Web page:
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TRACK MARKS 2021: “4Runner” by Rostam

Sara is big into reading and writing fiction like it's her job, because it is. That doesn't mean she isn't real as it gets. She loves real stuff like polka dots, indie rock, and underground fight clubs. I may have made some of that up. I don't know her that well. You can tell she didn't just write this in the third person because if she had written it there would have been less suspect sentence construction.

Track Marks is a recurring SportsAlcohol.com feature that invites writers to briefly discuss a song that is meaningful to them in any way. Though they can appear on the site at any time, we always run a bunch of them around the turn of a new year, looking back at the previous year in music.

There was a brief, blink-and-you-missed-it period when it seemed like everything was going to be okay. That we’d pull through this whole COVID mess; the masks could be doffed, the social distance between us closed. It’s hard to believe now as Omicron continues to wreck its havoc on vacation planning and school reopenings, but during the weeks of June and July 2021 when it seemed like this great disaster was about to be in the rearview, Rostam’s swoony “4Runner” was my personal soundtrack.

This isn’t to say I was spending a lot of that period driving around; even two and a half years after moving back to the Midwest I still don’t have a car. But like the titular vehicle, “4Runner” is a track designed for the open road, even if it’s just one you’re riding in your mind. Rostam seemed to anticipate this by releasing the single way back in March of 2021, when most of us were still homebound, in advance of his second solo album Changephobia. Though he hasn’t collaborated with Vampire Weekend in several years now, the song recalls some of their breeziest work, though it’s much less indebted to Paul Simon’s multicultural melange than the self-consciously cinematic sweep of Roxy Music.

Employing a surging mix of 12-string acoustic guitar, drums, and a Moog bass, Rostam constructs a euphoric ode to queer love and the freedom that can be found as much in a lover’s arms as the wind in your hair. The lyrics paint a nostalgic portrait of a couple who could be on the road or on the run: the 4Runner they’re driving has stolen plates, after all. A sense of illicitness, even danger, hangs over the scene; at one point Rostam mentions the knife his partner keeps in the passenger door. The song never boils over into melodrama, though. This isn’t a Thelma & Louise story, doomed to end in tragedy. There are no cars careening into canyons here. Instead there’s an acknowledgment that uncertainty is part of the trade-off of partnership, and might even be one of the rewards. “I’m waiting down the street. Take all the time you want to come,” Rostam sings, the music fading beneath him like a sunset, a daily event that can still feel momentous despite its constancy. It was difficult to be spontaneous this past year, but “4Runner” reminds us what it feels like to throw caution to the wind and take off somewhere unmapped, if only for three-and-a-half minutes at a time.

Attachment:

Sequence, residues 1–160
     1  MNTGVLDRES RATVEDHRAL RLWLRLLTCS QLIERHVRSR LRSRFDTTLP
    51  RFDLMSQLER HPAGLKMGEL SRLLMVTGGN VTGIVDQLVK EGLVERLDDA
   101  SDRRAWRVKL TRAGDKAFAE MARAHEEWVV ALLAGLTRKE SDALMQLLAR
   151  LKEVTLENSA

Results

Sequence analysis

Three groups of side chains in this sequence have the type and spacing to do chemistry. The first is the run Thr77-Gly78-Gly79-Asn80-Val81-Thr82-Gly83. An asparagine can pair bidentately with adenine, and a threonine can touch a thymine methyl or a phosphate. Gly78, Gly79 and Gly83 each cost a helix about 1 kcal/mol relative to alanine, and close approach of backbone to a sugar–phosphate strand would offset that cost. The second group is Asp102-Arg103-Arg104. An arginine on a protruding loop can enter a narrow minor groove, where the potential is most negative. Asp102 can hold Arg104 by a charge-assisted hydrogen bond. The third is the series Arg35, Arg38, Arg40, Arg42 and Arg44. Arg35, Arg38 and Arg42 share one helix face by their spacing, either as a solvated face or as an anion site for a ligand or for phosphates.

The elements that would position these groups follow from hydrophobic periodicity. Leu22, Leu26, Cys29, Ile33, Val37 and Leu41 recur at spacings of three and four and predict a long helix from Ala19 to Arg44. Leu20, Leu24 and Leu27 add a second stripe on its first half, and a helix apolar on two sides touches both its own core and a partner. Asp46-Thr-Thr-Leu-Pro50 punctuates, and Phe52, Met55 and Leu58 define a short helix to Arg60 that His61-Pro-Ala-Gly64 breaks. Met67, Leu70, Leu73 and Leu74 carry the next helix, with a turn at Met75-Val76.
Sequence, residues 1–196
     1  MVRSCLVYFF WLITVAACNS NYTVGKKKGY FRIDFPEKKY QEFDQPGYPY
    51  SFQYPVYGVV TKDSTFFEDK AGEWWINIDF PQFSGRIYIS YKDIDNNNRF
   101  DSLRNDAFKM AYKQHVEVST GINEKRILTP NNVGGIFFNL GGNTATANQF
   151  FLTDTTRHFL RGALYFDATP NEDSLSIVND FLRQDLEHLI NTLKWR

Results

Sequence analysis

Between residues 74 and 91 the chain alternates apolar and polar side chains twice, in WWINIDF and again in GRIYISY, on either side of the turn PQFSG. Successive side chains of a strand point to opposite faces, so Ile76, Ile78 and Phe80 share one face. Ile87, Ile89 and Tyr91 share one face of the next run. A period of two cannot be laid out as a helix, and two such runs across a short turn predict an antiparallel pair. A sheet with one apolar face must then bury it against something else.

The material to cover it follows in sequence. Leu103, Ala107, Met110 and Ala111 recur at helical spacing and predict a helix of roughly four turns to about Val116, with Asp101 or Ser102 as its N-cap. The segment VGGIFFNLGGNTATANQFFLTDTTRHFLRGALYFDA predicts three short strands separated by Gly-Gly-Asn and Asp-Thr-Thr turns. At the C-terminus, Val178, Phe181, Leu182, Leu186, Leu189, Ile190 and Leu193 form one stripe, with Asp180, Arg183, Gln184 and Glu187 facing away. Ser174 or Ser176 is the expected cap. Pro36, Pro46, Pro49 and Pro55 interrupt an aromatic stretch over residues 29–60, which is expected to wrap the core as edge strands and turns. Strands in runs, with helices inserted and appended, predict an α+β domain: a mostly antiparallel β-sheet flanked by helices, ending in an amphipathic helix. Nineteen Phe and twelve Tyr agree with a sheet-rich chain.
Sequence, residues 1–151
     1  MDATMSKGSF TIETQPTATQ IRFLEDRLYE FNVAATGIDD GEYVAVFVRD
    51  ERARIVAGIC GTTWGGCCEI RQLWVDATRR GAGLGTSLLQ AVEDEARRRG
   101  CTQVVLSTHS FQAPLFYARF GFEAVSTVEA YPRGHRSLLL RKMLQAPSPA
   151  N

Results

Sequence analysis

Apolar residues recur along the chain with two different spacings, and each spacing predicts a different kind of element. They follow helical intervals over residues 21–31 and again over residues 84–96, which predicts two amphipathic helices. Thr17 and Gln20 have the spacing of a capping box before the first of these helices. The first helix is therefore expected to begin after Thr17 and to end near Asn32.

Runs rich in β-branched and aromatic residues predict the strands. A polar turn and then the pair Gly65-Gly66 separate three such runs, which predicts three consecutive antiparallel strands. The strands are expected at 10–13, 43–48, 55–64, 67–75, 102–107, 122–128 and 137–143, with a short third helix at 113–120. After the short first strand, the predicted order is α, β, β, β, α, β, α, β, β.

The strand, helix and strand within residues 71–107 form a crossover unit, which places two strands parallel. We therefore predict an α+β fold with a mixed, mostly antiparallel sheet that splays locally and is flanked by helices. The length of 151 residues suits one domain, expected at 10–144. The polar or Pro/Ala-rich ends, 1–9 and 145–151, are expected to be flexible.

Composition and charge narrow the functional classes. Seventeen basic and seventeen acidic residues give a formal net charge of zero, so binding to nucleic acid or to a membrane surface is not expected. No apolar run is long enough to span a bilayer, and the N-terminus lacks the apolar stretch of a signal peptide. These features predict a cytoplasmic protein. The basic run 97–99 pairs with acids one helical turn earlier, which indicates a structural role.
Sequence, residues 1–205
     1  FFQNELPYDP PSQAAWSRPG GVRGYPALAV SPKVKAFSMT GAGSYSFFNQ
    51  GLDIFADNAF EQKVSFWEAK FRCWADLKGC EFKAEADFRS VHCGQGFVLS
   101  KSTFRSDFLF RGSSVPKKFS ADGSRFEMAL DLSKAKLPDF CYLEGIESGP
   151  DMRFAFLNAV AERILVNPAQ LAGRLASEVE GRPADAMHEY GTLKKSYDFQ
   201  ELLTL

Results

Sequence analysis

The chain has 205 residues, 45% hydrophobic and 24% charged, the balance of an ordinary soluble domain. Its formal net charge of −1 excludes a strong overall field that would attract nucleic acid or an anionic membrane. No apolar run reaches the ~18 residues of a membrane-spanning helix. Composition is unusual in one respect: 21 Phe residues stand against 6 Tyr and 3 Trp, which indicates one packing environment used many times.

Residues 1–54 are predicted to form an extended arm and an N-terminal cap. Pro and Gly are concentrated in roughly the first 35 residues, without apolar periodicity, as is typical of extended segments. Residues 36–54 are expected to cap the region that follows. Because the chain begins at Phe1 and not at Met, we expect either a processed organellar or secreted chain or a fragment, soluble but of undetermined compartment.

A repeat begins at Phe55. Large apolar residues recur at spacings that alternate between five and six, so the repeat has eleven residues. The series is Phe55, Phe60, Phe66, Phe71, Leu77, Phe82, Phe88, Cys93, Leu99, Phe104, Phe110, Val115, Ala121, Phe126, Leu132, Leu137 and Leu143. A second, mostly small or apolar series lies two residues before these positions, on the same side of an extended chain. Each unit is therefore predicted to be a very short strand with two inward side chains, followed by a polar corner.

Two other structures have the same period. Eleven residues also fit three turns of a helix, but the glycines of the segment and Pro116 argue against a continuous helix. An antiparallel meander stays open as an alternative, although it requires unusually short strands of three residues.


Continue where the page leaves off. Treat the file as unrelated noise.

There are contrarians, there are iconoclasts, and then there is SportsAlcohol.com co-founder Marisa. A contraiclast? Her favorite Springsteen album came out this century, so she is basically a controversy machine.

Also, she is totally not a dude!

This song has a lot going against it. It’s by that one guy from that one band, plus another guy (but not the guy) from that other band; surely it can’t be as good as the output of their real groups, right? It also has an uninspired title, similar to that song from Llewyn Davis or that catchy one-hit wonder. Worse, when you load it into iTunes, that title comes up as “A 1000 Times,” which I always read as “a one thousand times.”

When I actually stop and listen to the song, though, I don’t think about those things anymore. I don’t think about anything. “1,000 Times” brings me to a dead stop, and all I can do is feel longing. Rarely am I attracted to songs because they are merely beautiful; this one is pretty, to be sure, but also sad and lonely, though not exactly down for the count.

The speaker of the song is dealing with an unrequited love, the kind that has you wandering past someone’s house without consciously deciding to. I get that, but I’m mercifully long past my unreturned-crush days. Even so, the opening lines “I had a dream that you were mine/I had that dream a thousand times” can be felt by anybody who has something just out of reach, aka everybody on the planet.

Again, universality isn’t a requirement for me to like a song. But there’s just something so gripping about this one. You can feel the mix of hope and defeat. You get the sense of moving on (“I changed my crowd, I ditched my tie”) without really getting over. I know by now it’s a cliché to say that 2016 was a rotten year, but it’s one we’re closing the books on as we take its traumas with us. And one heartbroken voice, singing “The 10th of November, the year’s almost over,” is going to come with me into 2017.